- Monday, Mar. 30, 2015
Post production finishing for the fifth and final season of Boardwalk Empire was completed last fall at Technicolor PostWorks New York. The HBO series, set in Atlantic City during the Prohibition Era, was one of the most acclaimed television dramas of the past decade, earning a total of 18 Emmy Awards over the course of its run, among many other accolades. Its latest honor came at the recent American Society of Cinematographers (ASC) Awards where cinematographer Jonathan Freeman ASC won for Outstanding Achievement in Cinematography in a Regular Series, his third ASC Award for the series alongside two Emmys®.
Freeman’s award came for the Season Five premiere, Golden Days for Boys and Girls. The episode centers on a visit to Cuba by the show’s protagonist Enoch “Nucky” Thompson (Steve Buscemi) and includes flashbacks to Nucky’s childhood in New Jersey. Final color grading for the episode was completed at Technicolor PostWorks by colorist John Crowley (who colored the entire fifth season) on Baselight working under the direction of Freeman and director Timothy Van Patten.
“There are so many moods to the show,” recalls Crowley. “My role was to enhance Jonathan’s cinematic vision, to work with what was there and enhance the moods.”
Boardwalk Empire’s cinematic look is due, in part, to the fact that the show was shot on 35mm film, one of the last television series to do so. Freeman notes that Martin Scorsese, who directed the 2010 pilot, chose to shoot 35mm (the cinematographer for the pilot was Stuart Dryburgh), and that film became a key part of the show’s aesthetic. “With the pilot shot on film, we wanted to continue to shoot on film,” Freeman recalls. “It was a big commitment for HBO and for us. The texture of film is impossible to recreate digitally, so the opportunity to shoot film was a true blessing. I can’t thank HBO enough for allowing us to do that.”
Freeman adds that the show originally drew visual inspiration from the Ashcan School, a group of artists based in New York during the early years of the 20th century who portrayed scenes of daily life in the city’s poor neighborhoods. “They were striking in their use of light, contrast and light sources,” he says. “It was very inspiring and a logical tie in to what we saw in the pilot. That became our template.
“Eventually, as the show became darker—Nucky’s descent into the world of crime—we created more darkness, more contrast, more moodiness, more half lighting, to evolve the tone of the series.”
The first episode of the fifth season introduced flashbacks as a recurring narrative device. Freeman says that those flashbacks were handled with considerable care. “We chose to treat the flashbacks subtly but distinctly for the first few episodes,” he explains. “We wanted the audience to feel a shift, but we didn’t want to go so far that it became obvious. If we had chosen to go extreme, we would have lost some impact in terms of transition. That said, we wanted to have a slightly different feeling so that the audience would get used to it and know where they are. It was a delicate balance.”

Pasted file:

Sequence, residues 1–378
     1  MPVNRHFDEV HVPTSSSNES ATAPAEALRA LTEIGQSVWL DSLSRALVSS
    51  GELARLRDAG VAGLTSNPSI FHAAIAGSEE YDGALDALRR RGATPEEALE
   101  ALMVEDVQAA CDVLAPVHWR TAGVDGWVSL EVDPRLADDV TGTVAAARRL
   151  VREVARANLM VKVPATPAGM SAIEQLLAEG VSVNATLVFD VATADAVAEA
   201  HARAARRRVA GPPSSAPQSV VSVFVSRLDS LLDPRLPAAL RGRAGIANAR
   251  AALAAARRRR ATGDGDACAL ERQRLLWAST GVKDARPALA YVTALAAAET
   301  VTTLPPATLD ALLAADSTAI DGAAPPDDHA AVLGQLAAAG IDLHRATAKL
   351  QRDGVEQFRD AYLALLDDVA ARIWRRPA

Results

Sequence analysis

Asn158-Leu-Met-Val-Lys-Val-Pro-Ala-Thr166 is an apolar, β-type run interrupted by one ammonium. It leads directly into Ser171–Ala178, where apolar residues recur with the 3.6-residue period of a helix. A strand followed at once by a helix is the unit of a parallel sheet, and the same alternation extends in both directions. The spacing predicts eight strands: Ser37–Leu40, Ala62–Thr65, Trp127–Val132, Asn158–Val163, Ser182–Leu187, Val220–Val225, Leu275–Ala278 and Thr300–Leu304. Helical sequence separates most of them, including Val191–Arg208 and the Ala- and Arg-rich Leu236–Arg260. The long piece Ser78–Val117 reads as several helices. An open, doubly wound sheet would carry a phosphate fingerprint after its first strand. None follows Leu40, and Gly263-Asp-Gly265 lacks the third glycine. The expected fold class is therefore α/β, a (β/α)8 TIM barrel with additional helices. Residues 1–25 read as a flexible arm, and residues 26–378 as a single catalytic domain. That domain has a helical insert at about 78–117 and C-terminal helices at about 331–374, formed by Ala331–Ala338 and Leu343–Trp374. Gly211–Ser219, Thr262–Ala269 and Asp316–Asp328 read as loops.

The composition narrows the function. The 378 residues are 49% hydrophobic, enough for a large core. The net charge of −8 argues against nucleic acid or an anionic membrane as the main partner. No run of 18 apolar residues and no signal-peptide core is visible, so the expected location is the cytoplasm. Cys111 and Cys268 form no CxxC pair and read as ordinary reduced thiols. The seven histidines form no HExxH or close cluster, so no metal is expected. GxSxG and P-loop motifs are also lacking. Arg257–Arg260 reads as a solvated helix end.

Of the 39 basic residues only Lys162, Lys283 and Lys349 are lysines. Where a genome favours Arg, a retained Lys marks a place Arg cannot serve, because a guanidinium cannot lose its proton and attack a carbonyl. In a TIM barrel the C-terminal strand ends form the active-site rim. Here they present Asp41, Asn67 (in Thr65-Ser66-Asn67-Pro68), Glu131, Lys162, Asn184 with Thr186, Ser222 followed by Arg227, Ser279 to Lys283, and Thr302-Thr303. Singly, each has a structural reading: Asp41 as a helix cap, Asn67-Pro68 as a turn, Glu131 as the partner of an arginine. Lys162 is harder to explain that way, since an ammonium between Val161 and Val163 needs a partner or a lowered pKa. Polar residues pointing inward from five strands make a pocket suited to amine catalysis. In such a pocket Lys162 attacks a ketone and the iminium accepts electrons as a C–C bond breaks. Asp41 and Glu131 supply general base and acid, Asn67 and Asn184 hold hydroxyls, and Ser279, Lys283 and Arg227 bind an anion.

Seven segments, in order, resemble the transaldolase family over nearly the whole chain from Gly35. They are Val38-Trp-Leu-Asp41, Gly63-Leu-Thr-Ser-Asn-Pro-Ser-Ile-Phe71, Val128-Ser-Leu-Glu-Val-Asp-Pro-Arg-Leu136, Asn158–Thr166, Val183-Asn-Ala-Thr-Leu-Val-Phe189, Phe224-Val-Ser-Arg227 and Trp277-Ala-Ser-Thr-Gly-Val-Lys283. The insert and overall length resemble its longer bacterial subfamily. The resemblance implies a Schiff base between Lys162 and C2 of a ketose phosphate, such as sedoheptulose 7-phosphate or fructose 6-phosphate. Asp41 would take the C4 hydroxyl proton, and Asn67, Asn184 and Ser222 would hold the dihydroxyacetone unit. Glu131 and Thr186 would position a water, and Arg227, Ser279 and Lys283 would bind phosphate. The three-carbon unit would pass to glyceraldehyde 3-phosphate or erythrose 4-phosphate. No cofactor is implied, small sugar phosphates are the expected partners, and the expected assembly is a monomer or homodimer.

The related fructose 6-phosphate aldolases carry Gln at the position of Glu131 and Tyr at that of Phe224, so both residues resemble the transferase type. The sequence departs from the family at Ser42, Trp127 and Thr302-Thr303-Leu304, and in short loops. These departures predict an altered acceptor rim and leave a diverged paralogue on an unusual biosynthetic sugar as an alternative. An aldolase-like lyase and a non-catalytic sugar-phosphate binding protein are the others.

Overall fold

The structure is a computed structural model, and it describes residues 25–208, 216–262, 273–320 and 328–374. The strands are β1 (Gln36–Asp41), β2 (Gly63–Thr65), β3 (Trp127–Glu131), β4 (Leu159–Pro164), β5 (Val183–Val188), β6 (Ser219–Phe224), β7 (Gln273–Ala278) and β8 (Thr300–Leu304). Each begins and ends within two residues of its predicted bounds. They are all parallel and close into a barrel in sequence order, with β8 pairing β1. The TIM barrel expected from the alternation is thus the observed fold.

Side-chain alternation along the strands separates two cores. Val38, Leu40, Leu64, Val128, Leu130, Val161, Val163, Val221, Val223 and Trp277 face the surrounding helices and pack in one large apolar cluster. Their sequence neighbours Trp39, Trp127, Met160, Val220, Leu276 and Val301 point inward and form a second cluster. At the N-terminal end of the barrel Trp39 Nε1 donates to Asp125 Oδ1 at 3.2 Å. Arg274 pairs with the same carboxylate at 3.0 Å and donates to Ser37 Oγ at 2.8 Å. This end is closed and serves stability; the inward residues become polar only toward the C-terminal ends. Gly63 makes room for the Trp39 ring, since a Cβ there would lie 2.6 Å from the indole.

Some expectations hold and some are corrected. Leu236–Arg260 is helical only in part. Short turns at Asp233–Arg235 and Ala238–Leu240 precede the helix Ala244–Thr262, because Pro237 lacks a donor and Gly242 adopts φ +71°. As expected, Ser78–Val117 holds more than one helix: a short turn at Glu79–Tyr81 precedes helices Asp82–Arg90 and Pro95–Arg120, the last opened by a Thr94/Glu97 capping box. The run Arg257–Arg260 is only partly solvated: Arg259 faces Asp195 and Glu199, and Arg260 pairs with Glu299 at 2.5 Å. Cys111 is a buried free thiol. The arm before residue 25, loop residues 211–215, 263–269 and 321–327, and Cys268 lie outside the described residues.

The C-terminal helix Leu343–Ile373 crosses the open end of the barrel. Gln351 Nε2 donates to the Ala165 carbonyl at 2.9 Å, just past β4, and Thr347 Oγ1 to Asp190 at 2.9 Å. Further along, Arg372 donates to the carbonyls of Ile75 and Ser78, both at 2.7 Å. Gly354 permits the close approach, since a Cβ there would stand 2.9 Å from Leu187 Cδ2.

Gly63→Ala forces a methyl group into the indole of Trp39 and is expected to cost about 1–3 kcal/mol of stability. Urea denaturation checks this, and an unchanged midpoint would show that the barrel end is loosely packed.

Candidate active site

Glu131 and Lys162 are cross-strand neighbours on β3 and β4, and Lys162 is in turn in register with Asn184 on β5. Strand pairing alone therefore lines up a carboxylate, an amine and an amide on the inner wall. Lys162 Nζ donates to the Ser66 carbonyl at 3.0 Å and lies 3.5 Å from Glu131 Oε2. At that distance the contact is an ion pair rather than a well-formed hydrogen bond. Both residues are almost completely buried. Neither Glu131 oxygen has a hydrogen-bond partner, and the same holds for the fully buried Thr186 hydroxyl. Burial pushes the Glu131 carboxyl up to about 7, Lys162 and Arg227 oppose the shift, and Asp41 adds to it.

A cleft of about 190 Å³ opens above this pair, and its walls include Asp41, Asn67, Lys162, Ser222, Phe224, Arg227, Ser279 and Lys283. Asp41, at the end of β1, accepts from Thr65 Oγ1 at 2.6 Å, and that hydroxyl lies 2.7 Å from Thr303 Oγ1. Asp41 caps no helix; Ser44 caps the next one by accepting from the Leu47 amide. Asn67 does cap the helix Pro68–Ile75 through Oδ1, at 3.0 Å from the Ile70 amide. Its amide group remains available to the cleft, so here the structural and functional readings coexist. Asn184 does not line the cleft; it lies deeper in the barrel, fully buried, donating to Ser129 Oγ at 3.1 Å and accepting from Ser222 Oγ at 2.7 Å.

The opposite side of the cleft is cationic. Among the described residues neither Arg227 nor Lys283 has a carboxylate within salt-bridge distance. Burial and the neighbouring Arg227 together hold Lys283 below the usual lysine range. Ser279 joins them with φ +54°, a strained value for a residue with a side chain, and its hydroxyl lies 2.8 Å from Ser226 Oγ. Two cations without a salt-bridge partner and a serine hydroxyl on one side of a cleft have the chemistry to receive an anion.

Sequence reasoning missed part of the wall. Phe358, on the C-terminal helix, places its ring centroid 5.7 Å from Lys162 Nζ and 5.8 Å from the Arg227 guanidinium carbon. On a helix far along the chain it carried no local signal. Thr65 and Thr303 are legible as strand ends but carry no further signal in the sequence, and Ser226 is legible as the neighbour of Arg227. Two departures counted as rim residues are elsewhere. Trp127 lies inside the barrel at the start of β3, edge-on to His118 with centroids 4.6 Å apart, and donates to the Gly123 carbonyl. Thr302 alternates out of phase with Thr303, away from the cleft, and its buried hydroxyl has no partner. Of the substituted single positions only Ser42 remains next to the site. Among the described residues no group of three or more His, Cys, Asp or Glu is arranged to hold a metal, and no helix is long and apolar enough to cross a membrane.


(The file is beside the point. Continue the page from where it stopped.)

One of the first flashback scenes shows a young Nucky diving for coins off an Atlantic City pier. He isn’t as fast as the other boys and is later punished by his father for coming home empty handed. “The flashbacks had a very specific look,” notes Crowley. “It was desaturated, monochromatic. The scenes with Nucky as an adult in Havana, by contrast, are warm, golden and inviting. Mixing those two color palettes was really interesting.”
Freeman and Crowley also used color adjustments to guide the viewer’s attention. “Baselight offers an extensive toolset that is very powerful,” says Crowley. “We used shapes to modify skin tones, create various vignettes, isolate highlights on faces and drop off backgrounds. We wanted to focus on the characters and give more dimension to the frame. We used vignettes in certain places, especially wide shots, to shape the frame and draw attention to the characters.”
Crowley points to a scene in a restaurant where Lucky Luciano (Vincent Piazza) assassinates Joe Masseria (Ivo Nandi). “In the background you see detail, but we make it fall off a bit, so your eye is drawn to the middle of the frame,” he recalls. “I love the way Jonathan lit it, from the highlights on the faces, to the way the background drops off. There is a lot of dimension to it. It’s one of my favorite scenes.”
Freeman says that Crowley quickly grasped the general aesthetic he was aiming for and that gave them more time to work on nuances. “John gets the big picture. By the time you’re working on the next episode he’s already making those big picture adjustments. It takes a talented artist to be able to pick up and run with it. He did that in fine fashion.”
Crowley was equally impressed with Freeman’s work. “He knows what he wants,” Crowley says, “but he listens and will take suggestions from a colorist. He’s a true collaborator. It was an honor to work with him on this project.”
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